A recent article by Eric Palmer of the pharmaceutical news website FiercePharmaManufacturing.com writes that some trade groups, including PhRMA are trying to overturn a law passed unanimously in Alameda County, California that requires pharmaceutical manufacturers to pay for a medication “recycling” program for currently in place in the San Francisco Bay area.

As the law makes the cost of disposal of unused and expired drugs fall on pharmaceutical companies, of course pharmaceutical companies have been pushing to overturn since its inception a year ago.  Currently, PhRMA is appealing a ruling by the federal district court in San Francisco that upheld the law.  If the appeal maintains its current course, it will take place in April 2014 in the 9th Circuit court of Appeals.  PhRMa, BIO, and the Generic Pharmaceutical Association claim that the industry is not adequately suited to be responsible for drug disposal.  Drug companies and trade groups purport that the new law is forcing them away from their core business and forcing undue responsibilities.

As it currently stands, there are 28 sites where residents can drop off their unused and old medication and the price of the current program is around $330,000 a year.  Part of the new law states that the companies are not allowed to cover the cost with a local point-of-sale fee, and thus PhRMA claims the law is unconstitutional because other American citizens will have to cover the cost.  U.S. District Judge Richard Seeborg of San Francisco disagreed with this constitutionality argument and reports that the law is fair and treats all drug companies the same.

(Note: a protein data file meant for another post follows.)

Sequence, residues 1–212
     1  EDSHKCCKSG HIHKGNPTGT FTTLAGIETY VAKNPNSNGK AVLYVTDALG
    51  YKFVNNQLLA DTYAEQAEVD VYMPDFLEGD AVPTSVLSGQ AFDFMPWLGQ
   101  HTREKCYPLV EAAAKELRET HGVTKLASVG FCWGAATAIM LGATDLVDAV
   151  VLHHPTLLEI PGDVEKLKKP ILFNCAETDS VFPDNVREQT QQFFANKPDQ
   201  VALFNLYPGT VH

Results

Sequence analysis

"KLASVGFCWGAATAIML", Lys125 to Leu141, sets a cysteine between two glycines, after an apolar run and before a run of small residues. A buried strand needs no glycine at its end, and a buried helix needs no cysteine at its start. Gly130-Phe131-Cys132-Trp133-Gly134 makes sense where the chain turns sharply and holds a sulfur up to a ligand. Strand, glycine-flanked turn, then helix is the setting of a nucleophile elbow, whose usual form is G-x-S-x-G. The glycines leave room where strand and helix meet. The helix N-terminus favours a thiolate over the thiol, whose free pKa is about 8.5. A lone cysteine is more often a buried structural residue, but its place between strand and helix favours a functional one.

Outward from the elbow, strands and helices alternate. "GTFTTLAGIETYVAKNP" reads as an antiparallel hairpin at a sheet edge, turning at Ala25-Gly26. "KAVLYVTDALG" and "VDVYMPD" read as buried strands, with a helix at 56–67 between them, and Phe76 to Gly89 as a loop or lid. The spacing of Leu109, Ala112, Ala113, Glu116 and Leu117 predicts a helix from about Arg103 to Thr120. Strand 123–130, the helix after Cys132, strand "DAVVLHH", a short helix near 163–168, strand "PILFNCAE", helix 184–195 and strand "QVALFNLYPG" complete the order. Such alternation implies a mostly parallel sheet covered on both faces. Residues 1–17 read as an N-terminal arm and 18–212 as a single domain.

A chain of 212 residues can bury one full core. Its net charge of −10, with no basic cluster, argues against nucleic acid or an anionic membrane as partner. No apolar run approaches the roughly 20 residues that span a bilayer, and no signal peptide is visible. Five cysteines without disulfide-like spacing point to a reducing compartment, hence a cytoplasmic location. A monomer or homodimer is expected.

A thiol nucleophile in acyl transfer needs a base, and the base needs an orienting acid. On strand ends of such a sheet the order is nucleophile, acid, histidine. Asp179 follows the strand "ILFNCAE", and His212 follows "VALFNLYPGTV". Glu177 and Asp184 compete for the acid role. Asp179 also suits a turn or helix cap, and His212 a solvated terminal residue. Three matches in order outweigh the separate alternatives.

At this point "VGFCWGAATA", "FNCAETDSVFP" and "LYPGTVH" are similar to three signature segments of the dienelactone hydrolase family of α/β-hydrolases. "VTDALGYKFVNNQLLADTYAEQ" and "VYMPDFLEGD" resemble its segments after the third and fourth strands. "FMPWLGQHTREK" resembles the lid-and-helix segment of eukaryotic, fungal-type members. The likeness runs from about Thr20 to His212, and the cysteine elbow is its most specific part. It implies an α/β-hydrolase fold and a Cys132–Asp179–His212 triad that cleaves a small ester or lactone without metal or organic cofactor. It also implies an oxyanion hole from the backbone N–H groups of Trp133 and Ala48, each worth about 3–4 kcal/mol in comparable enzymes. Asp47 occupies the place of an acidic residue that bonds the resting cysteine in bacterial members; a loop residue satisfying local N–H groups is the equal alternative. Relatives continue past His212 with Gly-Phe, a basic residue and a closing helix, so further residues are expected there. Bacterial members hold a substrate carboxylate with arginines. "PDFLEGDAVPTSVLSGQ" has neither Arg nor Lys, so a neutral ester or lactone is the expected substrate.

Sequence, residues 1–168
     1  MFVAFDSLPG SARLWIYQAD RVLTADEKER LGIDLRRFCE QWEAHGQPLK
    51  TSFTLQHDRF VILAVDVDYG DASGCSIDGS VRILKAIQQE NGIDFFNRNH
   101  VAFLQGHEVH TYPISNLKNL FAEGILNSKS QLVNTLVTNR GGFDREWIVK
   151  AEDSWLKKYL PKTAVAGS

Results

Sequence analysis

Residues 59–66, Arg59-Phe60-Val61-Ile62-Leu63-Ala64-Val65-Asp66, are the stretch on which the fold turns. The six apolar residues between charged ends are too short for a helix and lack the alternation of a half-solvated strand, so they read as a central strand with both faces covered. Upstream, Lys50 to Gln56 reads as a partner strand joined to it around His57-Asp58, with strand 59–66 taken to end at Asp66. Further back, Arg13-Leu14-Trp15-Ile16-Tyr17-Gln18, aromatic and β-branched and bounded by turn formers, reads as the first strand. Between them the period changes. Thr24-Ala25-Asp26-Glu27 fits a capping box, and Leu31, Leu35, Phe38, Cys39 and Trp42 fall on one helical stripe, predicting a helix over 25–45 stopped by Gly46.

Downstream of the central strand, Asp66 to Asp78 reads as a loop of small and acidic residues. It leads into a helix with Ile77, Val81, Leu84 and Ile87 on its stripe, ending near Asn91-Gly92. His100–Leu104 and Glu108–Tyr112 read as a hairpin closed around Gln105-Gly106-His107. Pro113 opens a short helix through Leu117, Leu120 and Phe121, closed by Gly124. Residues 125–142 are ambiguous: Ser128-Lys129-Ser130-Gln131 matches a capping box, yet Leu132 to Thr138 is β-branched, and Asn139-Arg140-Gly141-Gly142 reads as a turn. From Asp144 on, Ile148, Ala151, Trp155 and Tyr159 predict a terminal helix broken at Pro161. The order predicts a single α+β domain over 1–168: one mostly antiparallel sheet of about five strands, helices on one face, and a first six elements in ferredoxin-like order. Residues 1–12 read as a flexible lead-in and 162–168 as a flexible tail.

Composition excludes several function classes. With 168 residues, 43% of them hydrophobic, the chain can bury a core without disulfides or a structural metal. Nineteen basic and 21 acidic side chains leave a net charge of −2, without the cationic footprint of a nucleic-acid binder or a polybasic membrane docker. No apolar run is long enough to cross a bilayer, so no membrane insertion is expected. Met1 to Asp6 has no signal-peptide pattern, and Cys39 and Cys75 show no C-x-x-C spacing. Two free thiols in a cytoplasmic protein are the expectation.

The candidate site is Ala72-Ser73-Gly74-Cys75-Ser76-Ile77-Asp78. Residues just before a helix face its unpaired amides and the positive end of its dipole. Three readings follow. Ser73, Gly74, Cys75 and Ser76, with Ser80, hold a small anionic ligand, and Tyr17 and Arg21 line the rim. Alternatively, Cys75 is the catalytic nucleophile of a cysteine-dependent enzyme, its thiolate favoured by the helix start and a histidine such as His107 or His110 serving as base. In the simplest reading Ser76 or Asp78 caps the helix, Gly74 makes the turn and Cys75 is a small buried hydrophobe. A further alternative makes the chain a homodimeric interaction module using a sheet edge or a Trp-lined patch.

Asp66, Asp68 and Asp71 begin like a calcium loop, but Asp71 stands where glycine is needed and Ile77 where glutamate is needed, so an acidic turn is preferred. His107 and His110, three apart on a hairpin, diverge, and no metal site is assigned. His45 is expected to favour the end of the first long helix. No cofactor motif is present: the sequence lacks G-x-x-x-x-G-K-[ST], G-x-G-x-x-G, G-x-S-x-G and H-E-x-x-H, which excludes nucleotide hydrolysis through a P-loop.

The pharmaceutical companies have a point: one citizen should not be forced to pay for something another citizen does.  However, I believe that drug companies should pay for everything related to their products, and because determining specifically which company’s drugs are being recycled more is exceedingly cumbersome, drug manufacturers should divide the costs of the recycling program based on local market share.  Though that is not a simple task, it ought to be undertaken.  If Company A makes 30% of the drugs sold in the Bay area, they ought to pay for 30% of the recycling program – just food for thought.